While My Voyage to Italy is a fascinating personal film by an important American director, its flaw is the specificity of its ideal audience. Scorsese's lengthy examination of a fairly large selection of films is so subjective it makes questionable viewing for anyone seeking a primer on Italian cinema and a recommended viewing list. Sure, those new to Italian movies will find plenty of academic context, a solid postwar timeline, basic information about the intellectual movements directing Italian filmmakers, and loads of specific trivia from the controversy surrounding Roberto Rossellini's extramarital affair with Ingrid Bergman during to the filming of Stromboli, to the critical uproar over De Sica's perceived rejection of neorealist principles in Senso, to the pressure Fellini faced in following up the international success of La Dolce Vita and how that pressure produced the hyper-reflexive 8 1/2. But Scorsese's readings of key moments from key films in his life as a viewer of movies are so emotionally specific it's difficult to recommend My Voyage to Italy to anyone who hasn't already seen the films of Rossellini, De Sica, Visconti, Fellini, and Antonioni. Because Scorsese tells us not only what films we should watch but, in effect, how we should to respond to them, his documentary becomes a dicey prospect for any neophyte looking to form his or her own opinion and emotional connection to the films. Conversely, Scorsese provides little concrete detail about how the films discussed shaped him as a filmmaker. He mentions, for instance, that Fellini's I Vitelloni was a major influence on his own Mean Streets but offers few concrete parallels between the two. The connections are obvious to anyone who's seen both films, but those who haven't are left hanging. Since My Voyage to Italy is less about Italian cinema than Scorsese's passion for Italian cinema, what one gets out the documentary depends on what one brings into it. Considering his position as a key postwar American filmmaker, there's plenty of value in his gushing over the movies that made him fall in love with moviemaking, but much of My Voyage to Italy's charm is likely to be lost on viewers who don't bring to the table a familiarity with both Italian cinema and Scorsese's films.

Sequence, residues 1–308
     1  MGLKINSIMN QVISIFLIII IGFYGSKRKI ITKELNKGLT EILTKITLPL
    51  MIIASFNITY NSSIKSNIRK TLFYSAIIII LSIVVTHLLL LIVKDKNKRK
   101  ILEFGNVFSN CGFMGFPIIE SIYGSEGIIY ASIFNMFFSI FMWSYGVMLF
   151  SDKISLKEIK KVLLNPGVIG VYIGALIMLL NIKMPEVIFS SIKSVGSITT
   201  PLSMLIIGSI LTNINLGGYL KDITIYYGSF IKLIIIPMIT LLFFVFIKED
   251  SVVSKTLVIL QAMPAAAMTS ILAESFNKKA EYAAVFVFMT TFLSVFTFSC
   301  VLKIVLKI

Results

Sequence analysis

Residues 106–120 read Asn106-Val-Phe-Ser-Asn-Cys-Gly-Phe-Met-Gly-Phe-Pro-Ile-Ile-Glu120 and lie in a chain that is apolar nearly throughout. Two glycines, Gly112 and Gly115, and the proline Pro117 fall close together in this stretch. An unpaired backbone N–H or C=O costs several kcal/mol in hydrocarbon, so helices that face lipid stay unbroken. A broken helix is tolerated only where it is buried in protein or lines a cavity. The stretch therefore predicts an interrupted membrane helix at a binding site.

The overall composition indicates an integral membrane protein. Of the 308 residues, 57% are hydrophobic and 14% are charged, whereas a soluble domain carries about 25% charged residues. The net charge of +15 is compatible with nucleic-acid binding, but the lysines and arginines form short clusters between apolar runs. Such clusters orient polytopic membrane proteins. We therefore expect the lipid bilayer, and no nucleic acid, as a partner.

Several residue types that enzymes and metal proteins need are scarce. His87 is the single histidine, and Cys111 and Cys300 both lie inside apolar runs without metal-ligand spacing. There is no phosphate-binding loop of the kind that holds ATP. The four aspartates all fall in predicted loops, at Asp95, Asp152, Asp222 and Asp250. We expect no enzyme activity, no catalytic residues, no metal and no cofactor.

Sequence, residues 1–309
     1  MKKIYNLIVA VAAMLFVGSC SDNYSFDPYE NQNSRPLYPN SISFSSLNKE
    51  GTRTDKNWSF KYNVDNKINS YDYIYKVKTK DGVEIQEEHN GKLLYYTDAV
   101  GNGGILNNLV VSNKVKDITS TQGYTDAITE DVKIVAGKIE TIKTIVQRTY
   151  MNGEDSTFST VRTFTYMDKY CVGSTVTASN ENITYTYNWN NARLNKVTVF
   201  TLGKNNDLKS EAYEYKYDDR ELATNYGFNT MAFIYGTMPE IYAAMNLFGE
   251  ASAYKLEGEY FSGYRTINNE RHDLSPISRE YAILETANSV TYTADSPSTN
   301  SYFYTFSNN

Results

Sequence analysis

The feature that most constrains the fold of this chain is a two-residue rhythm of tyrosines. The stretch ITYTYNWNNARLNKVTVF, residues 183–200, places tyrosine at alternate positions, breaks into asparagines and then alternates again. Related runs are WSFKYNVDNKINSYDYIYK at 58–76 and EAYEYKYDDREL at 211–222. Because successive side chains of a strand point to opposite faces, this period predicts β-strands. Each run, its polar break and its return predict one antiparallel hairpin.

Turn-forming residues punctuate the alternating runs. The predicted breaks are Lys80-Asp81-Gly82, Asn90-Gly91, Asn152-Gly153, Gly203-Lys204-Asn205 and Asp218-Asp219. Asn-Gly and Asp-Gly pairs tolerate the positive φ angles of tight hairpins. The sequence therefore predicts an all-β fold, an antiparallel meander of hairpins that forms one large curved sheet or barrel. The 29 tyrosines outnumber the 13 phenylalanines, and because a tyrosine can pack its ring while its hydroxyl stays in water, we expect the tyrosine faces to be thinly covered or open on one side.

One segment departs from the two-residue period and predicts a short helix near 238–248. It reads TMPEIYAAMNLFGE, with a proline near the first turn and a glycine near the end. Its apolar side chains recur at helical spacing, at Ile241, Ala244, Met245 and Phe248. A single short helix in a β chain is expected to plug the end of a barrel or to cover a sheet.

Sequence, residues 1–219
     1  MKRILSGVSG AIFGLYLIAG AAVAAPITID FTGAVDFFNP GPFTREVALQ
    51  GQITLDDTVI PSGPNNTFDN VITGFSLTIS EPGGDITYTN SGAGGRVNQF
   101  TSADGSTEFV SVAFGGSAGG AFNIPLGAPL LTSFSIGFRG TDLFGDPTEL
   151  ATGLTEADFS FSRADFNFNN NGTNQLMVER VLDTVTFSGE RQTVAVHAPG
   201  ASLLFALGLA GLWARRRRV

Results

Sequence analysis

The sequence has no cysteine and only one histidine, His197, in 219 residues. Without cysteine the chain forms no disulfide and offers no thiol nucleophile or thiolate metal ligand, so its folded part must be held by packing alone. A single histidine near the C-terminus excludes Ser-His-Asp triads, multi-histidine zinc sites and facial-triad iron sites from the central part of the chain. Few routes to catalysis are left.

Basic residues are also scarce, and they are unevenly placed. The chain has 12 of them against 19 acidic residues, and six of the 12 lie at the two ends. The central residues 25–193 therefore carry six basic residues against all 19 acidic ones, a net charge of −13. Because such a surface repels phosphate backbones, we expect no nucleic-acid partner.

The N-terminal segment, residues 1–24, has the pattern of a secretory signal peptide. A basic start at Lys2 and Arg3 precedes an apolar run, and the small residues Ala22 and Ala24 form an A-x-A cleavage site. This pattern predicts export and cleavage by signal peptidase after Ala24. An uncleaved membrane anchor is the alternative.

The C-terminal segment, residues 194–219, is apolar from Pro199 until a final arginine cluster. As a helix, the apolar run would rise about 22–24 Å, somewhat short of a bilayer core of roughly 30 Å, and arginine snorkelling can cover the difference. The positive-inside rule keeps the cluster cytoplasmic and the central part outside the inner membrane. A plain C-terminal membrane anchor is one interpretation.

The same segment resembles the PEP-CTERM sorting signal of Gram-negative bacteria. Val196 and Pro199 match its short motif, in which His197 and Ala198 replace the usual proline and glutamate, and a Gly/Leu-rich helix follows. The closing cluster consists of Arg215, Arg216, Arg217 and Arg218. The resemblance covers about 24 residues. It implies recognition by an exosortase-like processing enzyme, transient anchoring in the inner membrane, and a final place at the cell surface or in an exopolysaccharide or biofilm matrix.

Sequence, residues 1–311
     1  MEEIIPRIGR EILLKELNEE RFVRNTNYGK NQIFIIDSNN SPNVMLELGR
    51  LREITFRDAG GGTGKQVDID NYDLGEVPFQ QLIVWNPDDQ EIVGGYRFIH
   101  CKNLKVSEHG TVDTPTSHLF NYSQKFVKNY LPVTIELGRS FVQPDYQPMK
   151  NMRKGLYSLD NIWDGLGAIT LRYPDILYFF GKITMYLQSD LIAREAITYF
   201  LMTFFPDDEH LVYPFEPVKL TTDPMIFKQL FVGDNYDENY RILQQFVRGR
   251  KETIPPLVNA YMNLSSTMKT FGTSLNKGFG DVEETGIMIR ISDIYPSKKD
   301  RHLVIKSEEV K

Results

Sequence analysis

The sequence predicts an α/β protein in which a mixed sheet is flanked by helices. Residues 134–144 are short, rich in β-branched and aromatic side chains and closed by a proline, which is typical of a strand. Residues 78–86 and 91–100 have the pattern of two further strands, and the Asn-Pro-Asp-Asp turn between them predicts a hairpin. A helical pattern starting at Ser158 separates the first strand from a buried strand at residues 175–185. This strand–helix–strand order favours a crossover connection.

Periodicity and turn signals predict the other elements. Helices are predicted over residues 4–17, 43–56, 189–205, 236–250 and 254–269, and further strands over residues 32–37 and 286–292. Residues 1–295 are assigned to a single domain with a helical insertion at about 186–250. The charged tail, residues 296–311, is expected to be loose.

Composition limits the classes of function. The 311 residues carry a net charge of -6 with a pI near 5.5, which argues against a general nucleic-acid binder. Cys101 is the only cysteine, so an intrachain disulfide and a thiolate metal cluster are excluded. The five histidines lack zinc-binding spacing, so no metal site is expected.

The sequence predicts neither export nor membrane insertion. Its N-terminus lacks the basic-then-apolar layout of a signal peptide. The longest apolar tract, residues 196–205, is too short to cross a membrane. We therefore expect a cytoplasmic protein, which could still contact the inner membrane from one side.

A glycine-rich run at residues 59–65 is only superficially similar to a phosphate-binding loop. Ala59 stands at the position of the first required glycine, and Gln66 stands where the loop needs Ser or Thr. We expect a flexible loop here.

Miramax's DVD release spreads the long feature over two discs, and offers a transfer bound to generate controversy. Rather than a hodgepodge of framings, the image is offered at a uniform 1.85:1 aspect ratio, anamorphically enhanced. Clips from films shot at a 1.37:1 ratio are window-boxed within the 1.85:1 frame (meaning there are black bars at the top, bottom, and sides of the image), while clips from scope pictures (2.35:1) are matted within the 1.85:1 frame. It's an interesting decision because nearly all of the clips from Part One are in the 1.37:1 ratio, as are a majority of those in Part Two. It'll be no skin off the noses of viewers with widescreen monitors (the segments in 1.37:1 will look like standard, unstretched 4:3) or those with larger 4:3 televisions. But anyone viewing on a monitor 27-inches or smaller is likely to find the prevalent window-boxing a major aggravation. Other than the framing idiosyncrasy, the transfer leaves nothing to complain about—the segments from the Italian films vary in quality, of course, but none of the source damage is unreasonable based on the age of the materials. The packaging indicates the audio is Dolby Stereo Surround, but it isn't. It's a stereo track, clean and sufficient considering most of the source tracks are mono. Two varieties of English subtitles are offered. The default setting subtitles Italian dialogue and titles, while a second option subtitles English dialogue as well. The bilingual among us have the option of shutting off subtitles entirely.
There are no supplements.
My Voyage to Italy is a warm and loving look at the power of movies, ideal for fans of Italian cinema and Martin Scorsese. Because of its intense subjectivity, all others may want to check out some of the films listed above, as well as Scorsese's movies before watching. The director's enthusiasm is infectious, but it has the potential of undermining the power of the films he loves for the uninitiated.